Structures of left-handed and right-handed FeGe crystals (3 presentations, with different numbers of atoms per unit cell; orange atoms are Ge)
3D model (JSmol)
CompTox Dashboard (EPA)
|Molar mass||128.47 g/mol|
|P213 (No. 198), cP8|
a = 0.4689 nm
Formula units (Z)
Except where otherwise noted, data are given for materials in their standard state (at 25 °C [77 °F], 100 kPa).
|(what is ?)|
Iron germanide (FeGe) is an intermetallic compound, a germanide of iron. At ambient conditions it crystallizes in three polymorphs with monoclinic, hexagonal and cubic structures. The cubic polymorph has no inversion center, it is therefore helical, with right-hand and left-handed chiralities.
FeGe is extensively studied for its unusual magnetic properties. Electron spins in this material show dissimilar, yet regular spatial arrangements at different values of applied magnetic field. Those arrangements are named helical, skyrmion lattice, and conical. They can be controlled not only by temperature and magnetic field, but also by electric current, and the current density required for manipulating skyrmions (~106 A/m2) is approximately one million times smaller than that needed for moving magnetic domains in traditional ferromagnets. As a result, skyrmions have potential application in ultrahigh-density magnetic storage devices.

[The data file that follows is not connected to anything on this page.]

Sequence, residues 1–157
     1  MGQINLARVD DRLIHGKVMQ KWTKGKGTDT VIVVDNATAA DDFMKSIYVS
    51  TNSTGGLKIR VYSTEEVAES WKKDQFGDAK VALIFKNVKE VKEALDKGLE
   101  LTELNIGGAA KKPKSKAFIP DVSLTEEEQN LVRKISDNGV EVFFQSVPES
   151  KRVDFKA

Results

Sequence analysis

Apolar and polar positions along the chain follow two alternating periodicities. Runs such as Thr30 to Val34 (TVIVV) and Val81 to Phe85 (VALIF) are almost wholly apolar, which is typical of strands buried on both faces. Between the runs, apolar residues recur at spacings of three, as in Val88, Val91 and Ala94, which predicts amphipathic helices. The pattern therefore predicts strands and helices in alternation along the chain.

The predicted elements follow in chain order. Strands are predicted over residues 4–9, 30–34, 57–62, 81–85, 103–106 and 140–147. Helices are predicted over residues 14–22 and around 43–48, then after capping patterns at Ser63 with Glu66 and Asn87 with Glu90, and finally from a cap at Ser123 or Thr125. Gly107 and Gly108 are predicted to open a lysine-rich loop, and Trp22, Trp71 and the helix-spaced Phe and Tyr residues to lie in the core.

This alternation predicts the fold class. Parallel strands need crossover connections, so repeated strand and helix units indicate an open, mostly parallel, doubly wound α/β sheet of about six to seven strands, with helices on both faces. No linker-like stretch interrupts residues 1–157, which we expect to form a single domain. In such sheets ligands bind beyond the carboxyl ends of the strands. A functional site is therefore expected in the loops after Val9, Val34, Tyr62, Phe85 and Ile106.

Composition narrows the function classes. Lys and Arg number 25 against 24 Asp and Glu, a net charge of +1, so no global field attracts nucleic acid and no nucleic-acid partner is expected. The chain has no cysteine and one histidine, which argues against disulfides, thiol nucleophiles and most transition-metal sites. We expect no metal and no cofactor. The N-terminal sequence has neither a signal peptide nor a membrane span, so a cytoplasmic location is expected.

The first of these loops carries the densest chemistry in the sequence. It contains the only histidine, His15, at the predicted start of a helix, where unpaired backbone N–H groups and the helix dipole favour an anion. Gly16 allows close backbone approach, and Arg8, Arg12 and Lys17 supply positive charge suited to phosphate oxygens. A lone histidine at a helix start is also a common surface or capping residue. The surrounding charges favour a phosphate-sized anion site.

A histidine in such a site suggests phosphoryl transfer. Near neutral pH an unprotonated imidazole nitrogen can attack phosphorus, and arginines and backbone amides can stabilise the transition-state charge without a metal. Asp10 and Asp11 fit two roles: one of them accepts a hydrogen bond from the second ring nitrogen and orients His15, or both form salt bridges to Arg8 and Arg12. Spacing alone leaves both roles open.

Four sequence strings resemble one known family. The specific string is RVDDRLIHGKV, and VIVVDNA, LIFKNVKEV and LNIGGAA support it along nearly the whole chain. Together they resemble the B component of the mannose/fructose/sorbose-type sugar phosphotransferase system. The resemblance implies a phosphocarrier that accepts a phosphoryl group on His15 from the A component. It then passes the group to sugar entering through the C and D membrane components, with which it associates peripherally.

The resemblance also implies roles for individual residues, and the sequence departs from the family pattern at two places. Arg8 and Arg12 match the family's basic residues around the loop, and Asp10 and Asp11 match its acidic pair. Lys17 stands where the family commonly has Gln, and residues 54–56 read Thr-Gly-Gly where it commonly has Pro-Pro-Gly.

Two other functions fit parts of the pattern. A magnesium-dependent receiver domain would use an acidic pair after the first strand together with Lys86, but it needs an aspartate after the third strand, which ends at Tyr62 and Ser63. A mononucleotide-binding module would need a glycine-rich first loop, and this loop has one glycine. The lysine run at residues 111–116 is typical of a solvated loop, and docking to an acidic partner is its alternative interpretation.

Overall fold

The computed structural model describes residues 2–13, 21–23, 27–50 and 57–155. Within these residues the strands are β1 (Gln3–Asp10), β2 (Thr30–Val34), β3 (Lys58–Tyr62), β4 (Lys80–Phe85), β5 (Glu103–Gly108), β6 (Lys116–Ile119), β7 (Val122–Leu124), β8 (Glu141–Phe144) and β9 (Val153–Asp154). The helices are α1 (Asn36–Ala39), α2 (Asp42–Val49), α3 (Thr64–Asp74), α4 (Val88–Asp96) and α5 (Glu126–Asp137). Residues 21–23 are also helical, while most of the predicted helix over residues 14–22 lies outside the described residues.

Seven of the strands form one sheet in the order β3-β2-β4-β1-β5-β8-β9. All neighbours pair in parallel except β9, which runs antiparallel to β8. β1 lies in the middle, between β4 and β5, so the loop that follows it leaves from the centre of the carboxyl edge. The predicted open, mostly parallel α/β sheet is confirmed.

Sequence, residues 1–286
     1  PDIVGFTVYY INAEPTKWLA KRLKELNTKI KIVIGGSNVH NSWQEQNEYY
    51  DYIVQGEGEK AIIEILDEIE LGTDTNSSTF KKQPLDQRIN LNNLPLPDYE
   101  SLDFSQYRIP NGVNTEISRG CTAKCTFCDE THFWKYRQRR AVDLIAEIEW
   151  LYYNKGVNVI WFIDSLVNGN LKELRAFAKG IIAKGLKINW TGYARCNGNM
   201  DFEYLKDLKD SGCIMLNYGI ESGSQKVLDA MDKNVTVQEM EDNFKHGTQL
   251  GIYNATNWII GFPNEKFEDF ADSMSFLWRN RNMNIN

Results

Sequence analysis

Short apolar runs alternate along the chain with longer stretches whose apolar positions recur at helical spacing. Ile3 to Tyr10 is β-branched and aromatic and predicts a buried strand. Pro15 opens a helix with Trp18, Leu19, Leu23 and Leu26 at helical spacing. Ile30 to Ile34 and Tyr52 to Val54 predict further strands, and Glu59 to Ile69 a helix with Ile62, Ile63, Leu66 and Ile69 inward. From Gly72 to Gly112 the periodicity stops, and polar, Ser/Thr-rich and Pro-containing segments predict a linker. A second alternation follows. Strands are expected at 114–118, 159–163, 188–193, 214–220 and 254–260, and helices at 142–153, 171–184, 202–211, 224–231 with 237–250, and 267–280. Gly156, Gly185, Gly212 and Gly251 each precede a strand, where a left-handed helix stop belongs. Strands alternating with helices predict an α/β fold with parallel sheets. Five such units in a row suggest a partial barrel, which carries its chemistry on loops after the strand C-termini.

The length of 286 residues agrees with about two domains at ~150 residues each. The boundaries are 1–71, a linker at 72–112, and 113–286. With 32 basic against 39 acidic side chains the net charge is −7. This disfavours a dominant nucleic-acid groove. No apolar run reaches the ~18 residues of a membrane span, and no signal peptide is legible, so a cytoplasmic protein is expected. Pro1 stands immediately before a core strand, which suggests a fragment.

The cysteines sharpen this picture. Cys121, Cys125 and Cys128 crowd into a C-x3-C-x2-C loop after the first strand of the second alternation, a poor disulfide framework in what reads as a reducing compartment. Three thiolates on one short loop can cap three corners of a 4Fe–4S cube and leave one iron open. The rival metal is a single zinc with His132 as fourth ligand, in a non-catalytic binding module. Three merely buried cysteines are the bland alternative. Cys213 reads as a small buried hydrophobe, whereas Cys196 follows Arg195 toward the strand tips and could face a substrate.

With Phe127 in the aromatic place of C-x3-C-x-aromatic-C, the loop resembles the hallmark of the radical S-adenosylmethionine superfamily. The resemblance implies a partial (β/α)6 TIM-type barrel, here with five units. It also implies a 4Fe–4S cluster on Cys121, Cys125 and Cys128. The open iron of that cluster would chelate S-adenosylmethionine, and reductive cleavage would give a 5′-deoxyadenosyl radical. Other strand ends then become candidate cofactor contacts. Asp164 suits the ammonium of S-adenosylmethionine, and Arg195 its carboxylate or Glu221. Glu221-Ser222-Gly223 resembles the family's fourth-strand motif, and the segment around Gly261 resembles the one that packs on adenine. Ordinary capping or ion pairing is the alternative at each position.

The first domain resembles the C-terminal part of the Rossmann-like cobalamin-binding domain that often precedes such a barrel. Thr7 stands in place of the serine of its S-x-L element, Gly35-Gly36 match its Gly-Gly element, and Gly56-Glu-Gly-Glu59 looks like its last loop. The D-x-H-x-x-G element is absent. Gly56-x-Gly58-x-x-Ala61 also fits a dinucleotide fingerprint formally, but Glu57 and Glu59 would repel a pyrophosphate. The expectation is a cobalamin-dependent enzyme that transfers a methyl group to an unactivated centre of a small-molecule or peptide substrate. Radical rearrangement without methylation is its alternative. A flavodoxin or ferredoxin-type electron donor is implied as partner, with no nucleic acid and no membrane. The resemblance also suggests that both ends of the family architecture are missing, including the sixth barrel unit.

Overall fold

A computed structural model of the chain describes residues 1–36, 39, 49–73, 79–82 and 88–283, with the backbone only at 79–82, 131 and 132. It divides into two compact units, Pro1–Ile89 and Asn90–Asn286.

The helical, conical and skyrmion structures are not unique to FeGe; they are also found in MnSi, MnGe and similar compounds, but contrary to those materials, the observation of magnetic ordering patterns in FeGe does not require cryogenic cooling. The disadvantage of FeGe over MnSi is its polymorphism, which hinders the growth of large homogeneous crystals.
Polycrystalline FeGe is produced by vacuum arc remelting, spark plasma sintering, or high-pressure high-temperature treatment of a mixture of elemental iron and germanium. Single crystals of FeGe ca. 1 mm in size can be grown from the powder using a chemical transport reaction and iodine as transporting agent. The source temperature is maintained at 450 °C and the temperature gradient at ca. 50 °C across the reaction tube, over 1–2 weeks.
Iron germanide is a non-stoichiometric compound where the Ge:Fe ratio often deviates from 1. The Fe2Ge3 compound is a Nowotny phase exhibiting a chimney ladder structure. It is a semiconductor with a band gap or 0.03 eV.